Northwest Military Blogs: McChord Flightline Chatter

June 24, 2016 at 1:59pm

Precision down to the millionth

Staff Sgt. Jeff Burns, 62nd Maintenance Squadron precision measurement equipment laboratory technician, calibrates a piece of equipment at Joint Base Lewis-McChord. Photo credit: Senior Airman Jacob Jimenez

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Team McChord airmen provide global airlift on a daily basis, and airmen from the 62nd Maintenance Squadron Precision Measurement Equipment Laboratory contribute some uncommonly known services to make that happen.

The PMEL shop, part of the 62nd MXS test measurement diagnostic equipment flight here, is responsible for calibrating equipment that is used in virtually every phase of maintenance on McChord Field and throughout numerous government organizations in the Pacific Northwest.

The airmen from the PMEL shop use exacting attention to detail to take measurements in increments as small as millionths to ensure equipment is properly calibrated from torque wrenches for C-17 maintainers to jet engine test cells in Oregon.

"Many people think we just do pressure gauges and torque wrenches," said Senior Master Sgt. Jessica Stevens, 62nd MXS test measurement diagnostic equipment flight chief. "We have a very large scope of responsibilities and a wide variety of equipment we calibrate."

The PMEL shop provides services for customers, such as the U.S. Coast Guard District 13, the Oregon Air National Guard, and the Western Air Defense Sector.    

"We are a customer-focused organization," said Master Sgt. Daniel Thomas, 62nd MXS PMEL section chief. "The four things we ensure for every piece of equipment is safety, accuracy, reliability and traceability. This is our goal and mission."

With this approach and Department of Defense-wide force reduction, the PMEL shop had to make dramatic changes to perform more efficiently with less airmen. Over the last two years, the shop's manning has been reduced from 33 airmen and civilians to a team of 22 people.     

"When we started losing people, we changed our operating mindset," said Thomas. "We looked at how we could streamline processes and improve turnaround time with less manning."

With this mindset, the PMEL shop identified that their quality assurance program could be improved. The shop's quality assurance process used to require regular inspections of a large number of items being serviced. This created an increase in the amount of time it took to perform simple processes and delayed the turnaround time for jobs. Identifying this as ineffective, the PMEL shop decided to implement a more efficient process that focused on only inspecting and evaluating jobs more prone to errors.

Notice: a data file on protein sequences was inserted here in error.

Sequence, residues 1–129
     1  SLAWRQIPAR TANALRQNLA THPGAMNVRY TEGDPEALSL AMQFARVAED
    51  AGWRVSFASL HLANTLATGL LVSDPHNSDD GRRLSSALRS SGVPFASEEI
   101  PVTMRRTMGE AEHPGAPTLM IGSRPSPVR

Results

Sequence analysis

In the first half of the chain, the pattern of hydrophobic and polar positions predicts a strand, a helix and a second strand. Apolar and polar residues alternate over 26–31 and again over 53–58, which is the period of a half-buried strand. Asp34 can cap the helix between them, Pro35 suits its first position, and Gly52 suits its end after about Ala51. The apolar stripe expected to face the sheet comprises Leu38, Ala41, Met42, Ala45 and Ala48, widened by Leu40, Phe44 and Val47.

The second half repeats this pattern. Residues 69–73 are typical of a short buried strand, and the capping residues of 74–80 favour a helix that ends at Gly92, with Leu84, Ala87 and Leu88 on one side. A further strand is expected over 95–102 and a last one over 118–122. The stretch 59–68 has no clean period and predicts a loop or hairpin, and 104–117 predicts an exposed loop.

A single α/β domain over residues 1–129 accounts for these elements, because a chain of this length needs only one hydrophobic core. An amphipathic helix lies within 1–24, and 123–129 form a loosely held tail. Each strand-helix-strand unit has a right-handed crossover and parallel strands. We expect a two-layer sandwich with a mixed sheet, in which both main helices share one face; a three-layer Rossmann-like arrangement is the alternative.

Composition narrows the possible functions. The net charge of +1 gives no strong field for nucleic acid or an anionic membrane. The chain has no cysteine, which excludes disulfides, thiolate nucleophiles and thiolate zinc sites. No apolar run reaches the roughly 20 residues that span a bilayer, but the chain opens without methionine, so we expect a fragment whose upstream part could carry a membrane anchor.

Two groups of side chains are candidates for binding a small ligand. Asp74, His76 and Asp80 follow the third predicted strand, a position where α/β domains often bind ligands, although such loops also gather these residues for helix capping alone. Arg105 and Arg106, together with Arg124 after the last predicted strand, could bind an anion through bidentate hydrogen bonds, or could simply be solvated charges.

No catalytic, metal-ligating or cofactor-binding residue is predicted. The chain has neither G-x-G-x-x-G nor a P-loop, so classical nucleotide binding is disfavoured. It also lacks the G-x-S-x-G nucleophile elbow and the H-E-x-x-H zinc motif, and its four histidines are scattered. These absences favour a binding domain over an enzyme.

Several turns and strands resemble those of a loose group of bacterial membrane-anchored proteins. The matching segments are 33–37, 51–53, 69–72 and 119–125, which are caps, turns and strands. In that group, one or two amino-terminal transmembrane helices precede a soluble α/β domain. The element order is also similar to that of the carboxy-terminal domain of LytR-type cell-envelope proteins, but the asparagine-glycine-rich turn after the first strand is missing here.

"We started to focus on risk areas to identify jobs more prevalent to have issues," said Thomas. "This helped us reduce man-hours and our customers with turnaround time."

In addition to this change, the PMEL shop also helped reduce man-hours needed for servicing customer equipment by taking a greater initiative to evaluate customer inventories and assist in recommending better equipment.

"We are constantly looking to find alternative solutions for customers' equipment that are more reliable and have longer calibration cycles," said Thomas. "We want our customers to have more efficiency when buying new equipment."

One example of this initiative recently, was PMEL advising the 62nd MXS aerospace ground equipment flight in purchasing new type of gauges that would be more reliable and have longer calibration cycles, said Stevens. The purchase resulted in more than 1,000 PMEL man-hours saved yearly.     

"One of my goals is to help customers to examine their inventories for ways to better their efficiency," said Thomas. "With a reduction in our manning, we have to think smarter."

With saving time on man-hours and bettering processes in mind, the PMEL shop has also been diligently working to identify jobs that can be automated and implementing automation processes to calibrate and distribute equipment faster.

"Turnaround time ties into equipment availability rates and shows us the total percentage of equipment that is being used to further the mission by the customers," said Thomas. "We want to get equipment out of here fast as we can so they can accomplish the mission."

Many of these processes are worked on and developed by airmen in the flight, and can take up to a few months to complete, but once approved have resulted in saving thousands of man-hours for the flight and the Air Force as a whole.

The end result is calibrations that would usually take a few days, being completed in a few hours, said Thomas.       

Since 2014, the McChord Field PMEL shop has reduced its turnaround time for calibrations from 12 days to less than seven.

"Since I've been here, we have always been focused on striking a good balance between efficiency and effectiveness with a leaner force," said Thomas. "If there is one thing we have internalized here, it is not doing more with less but rather doing the best job we can with what we have."

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